One of the most common families of all, the orb-weaver spider or Araneidae exhibits 4,202 types of species under its 175 genera. Their excellent way of spinning webs is the reason they have earned the name.
|Dolophones||Golden Silk Orb-weaver|
|Wrap-around Spider||Spiny Orb-weaver||Jorō Spider|
|Leaf Spider||Gasteracantha cancriformis||Furrow Spider|
|Sorting Hat Spider||Wasp Spider||Hawaiian Garden Spider|
|Darwin’s Bark Spider||Silver Garden Spider||Giant Wood Spider|
|Nephila Clavipes||Banden Garden Spider||Shamrock Orb Weaver|
|Cross Orb-weaver||Australian Garden Orb Weaver||Arrowhead Spider|
|Barn Spider||St. Andrews Cross Spider||Marbled Orb-weaver|
|Spotted Orb-weaver||Yellow Garden Spider||Cat Faced Spider|
Size: Female orb-weavers are 0.78-1.1 in (2-3 cm) and males are smaller.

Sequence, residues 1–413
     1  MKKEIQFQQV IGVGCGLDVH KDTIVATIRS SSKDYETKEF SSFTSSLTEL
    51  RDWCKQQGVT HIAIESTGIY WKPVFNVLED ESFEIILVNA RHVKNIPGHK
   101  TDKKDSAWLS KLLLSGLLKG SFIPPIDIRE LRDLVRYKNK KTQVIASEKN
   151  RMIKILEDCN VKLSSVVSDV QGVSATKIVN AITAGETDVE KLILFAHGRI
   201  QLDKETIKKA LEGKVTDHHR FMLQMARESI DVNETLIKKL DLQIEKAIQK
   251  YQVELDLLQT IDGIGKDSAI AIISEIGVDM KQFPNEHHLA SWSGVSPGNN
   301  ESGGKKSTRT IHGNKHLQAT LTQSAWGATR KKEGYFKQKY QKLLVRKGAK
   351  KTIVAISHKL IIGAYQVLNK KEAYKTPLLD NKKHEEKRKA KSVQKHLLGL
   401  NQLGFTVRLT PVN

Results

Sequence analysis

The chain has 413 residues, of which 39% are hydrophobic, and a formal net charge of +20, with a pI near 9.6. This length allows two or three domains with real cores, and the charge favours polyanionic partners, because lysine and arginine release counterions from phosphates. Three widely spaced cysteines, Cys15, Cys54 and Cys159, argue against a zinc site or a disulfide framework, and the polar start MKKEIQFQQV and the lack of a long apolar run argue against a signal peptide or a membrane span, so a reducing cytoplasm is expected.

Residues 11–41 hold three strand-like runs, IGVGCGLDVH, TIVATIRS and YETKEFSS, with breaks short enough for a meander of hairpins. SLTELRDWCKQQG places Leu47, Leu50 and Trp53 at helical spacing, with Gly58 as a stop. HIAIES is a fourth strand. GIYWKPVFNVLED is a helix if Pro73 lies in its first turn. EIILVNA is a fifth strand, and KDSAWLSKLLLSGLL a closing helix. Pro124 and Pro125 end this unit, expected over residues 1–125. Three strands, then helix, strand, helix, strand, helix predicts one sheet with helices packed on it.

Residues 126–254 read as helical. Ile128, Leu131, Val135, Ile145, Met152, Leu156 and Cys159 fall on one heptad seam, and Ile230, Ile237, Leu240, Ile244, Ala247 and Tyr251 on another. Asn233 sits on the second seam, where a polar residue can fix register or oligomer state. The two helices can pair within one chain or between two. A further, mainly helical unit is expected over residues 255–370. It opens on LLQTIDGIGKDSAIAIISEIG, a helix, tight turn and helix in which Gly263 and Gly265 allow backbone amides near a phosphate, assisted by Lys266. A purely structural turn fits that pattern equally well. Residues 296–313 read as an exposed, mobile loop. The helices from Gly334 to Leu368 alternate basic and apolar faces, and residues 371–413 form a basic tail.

Color: White, black, green, yellow are common shades, and some species have legs with stripes or bands.
Other Characteristic Features: Species like Gasteracantha cancriformis exhibits spikes on their body.
Female orb-weavers produce around 2,500 eggs in a sac, made of silk.
Spiderlings go through molting before their hatching. They chew off the sac and make the way clear for easy hatching. Spiderlings from one clutch often build small webs and live together for a short period to protect themselves from predators. Then, after reaching adulthood, they spin a soft strand of silk and let the wind blow the silk away, including them. This is known as the process of ballooning.
The name of the family has come from the specific theme of the web that these spiders make. Although some members of the family do not make a web at all. Most spiders do, and it is orb or circular shaped. Most species eat their webs every day and build a new one.
Orb-weaver spiders are not a threat to humans, and they do not bite unless provoked or threatened. The bite is, however, is not risky at all.
|Distribution||Across the globe|
|Habitat||Backyards and gardens|
|Lifespan||Around 1 year|